NOTE:This article is reprinted with permission from As I See It, a monthly electronic magazine compiled and edited by Doug Kutilek. AISI is sent free to all who request it by writing to the editor at firstname.lastname@example.org.
by Doug Kutilek
An American Bible: A History of the Good Book in the United States, 1777-1880 by Paul C. Gutjahr. Stanford. California: Stanford University Press, 1999. 256 pp., paperback. $19.95
The dates 1777 and 1880 may seem strange parameters for the study of the place and impact of the Bible in American history, but there is good reason for the choices. Before 1777, no English language NT or Bible was printed in America, due to English copyright laws. The first English NT printed in America appeared in Philadelphia in 1777. At the other end of the study, 1880 was the year preceding the publication of the English Revised Version NT, the first ecclesiastically-sanctioned, committee-made revision of the KJV, which set the tone and pattern for the subsequent century.
The Bible was foundational to the development of American culture in the colonial period. The 19th century, especially, saw a loosening of the grip, so to speak, of the Bible’s influence and impact on all aspects of American life. The author seeks in this book to provide some explanations for that change. He notes about five different things that he believes contributed to this trend (summarized pp. 175-178). While no doubt some of those mentioned, especially the proliferation of printed matter of all kinds competing for readers’ attention, were strongly influential, I would find the greatest influences in this trend to be the influence of the so-called Enlightenment and its accompanying rationalism (of which Unitarianism is a fruit), the large Catholic immigration into the States in the 1820s and 1830s (since, frankly, the Bible is markedly less important in the religious life of Catholics in comparison with conservative Protestants), but especially Darwinism, which logically makes God unnecessary and de facto discredits the Bible as just so much antiquated fiction.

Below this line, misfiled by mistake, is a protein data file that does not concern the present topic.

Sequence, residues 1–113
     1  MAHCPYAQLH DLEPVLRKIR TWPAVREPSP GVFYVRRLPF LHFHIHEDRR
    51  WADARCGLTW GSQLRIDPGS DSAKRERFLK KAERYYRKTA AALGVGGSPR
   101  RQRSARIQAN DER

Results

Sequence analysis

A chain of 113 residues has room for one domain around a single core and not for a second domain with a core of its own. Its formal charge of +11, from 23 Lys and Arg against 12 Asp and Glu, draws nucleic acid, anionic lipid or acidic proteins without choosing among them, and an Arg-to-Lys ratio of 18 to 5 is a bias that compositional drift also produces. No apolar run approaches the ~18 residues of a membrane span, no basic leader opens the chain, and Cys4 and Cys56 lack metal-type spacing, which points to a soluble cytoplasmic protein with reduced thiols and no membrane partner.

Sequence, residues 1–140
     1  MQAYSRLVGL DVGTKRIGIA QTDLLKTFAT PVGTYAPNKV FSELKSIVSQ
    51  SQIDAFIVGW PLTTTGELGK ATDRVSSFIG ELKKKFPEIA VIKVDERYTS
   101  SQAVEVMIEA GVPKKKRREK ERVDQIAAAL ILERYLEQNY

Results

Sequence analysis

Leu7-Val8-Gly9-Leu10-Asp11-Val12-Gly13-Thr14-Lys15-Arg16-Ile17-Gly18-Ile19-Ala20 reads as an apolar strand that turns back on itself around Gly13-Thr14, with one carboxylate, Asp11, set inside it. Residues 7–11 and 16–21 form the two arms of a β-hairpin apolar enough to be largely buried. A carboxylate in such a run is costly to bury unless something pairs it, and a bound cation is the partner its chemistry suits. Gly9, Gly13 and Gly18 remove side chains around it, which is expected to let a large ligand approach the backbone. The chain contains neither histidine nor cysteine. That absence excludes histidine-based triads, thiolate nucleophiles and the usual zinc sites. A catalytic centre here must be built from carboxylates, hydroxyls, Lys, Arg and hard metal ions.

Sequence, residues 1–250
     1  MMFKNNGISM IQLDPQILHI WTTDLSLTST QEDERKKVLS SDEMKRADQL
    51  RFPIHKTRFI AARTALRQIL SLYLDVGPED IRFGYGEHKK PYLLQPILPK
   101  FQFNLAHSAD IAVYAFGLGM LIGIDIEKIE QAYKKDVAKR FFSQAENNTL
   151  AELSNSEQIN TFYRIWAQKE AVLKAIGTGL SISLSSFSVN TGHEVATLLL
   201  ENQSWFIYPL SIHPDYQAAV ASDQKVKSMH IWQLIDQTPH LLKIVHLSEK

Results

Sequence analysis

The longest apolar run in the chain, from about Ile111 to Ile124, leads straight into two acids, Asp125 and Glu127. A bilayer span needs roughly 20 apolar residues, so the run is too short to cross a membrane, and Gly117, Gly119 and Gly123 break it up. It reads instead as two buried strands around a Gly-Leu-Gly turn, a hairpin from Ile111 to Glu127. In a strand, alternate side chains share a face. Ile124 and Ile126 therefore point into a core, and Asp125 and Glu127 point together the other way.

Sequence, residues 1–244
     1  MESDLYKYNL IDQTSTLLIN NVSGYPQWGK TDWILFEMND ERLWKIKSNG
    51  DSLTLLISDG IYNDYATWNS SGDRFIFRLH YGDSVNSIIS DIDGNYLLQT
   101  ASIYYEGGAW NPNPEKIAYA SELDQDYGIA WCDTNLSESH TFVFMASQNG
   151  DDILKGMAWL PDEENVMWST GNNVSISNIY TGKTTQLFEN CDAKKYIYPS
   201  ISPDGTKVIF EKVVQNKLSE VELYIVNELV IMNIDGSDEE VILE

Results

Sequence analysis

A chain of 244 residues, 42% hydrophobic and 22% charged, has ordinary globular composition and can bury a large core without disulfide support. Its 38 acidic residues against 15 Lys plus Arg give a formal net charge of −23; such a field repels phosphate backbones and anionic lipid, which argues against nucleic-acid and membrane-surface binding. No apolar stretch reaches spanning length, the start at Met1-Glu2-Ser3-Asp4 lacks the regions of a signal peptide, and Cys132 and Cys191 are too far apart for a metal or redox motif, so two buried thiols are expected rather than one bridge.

Changes in the technology of printing in this period greatly facilitated the manufacture of Bibles in greater quantities and at lower prices. Mechanization of printing presses, development of “stereo-typing” (a process of reproducing the plates from which a book was printed, without having to reset all the type by hand), improved efficiencies in paper manufacture and even changes in bookbinding resulted in higher production and availability at lower prices. The Bible truly was placed within the reach of everyone.
The first century of Bible publishing on America soil saw two streams of development–first, private printers, no longer constrained by English law, issued a variety of Bible editions, with a strong trend toward greater size, opulence, ornamentation, illustration and annotation–seeking the “high-end” buyer in the Bible market (since they could not compete on price with the often subsidized or at-cost Bible society editions). The number of private Bible printers as well as the number of differing editions peaked in the decades before the American Civil War. On the other hand, the rise of the Bible societies in the early part of the 1800s resulted in a growing deluge of low-priced, unannotated, unillustrated “text-only” NTs and Bibles, with the express aim of providing a Bible for every household in America at an affordable price. From 1818 through 1880, the American Bible Society distributed some 32 million Testaments and Bibles. At its lowest price, a Bible could be purchased for 20 cents, and a NT for just a nickel!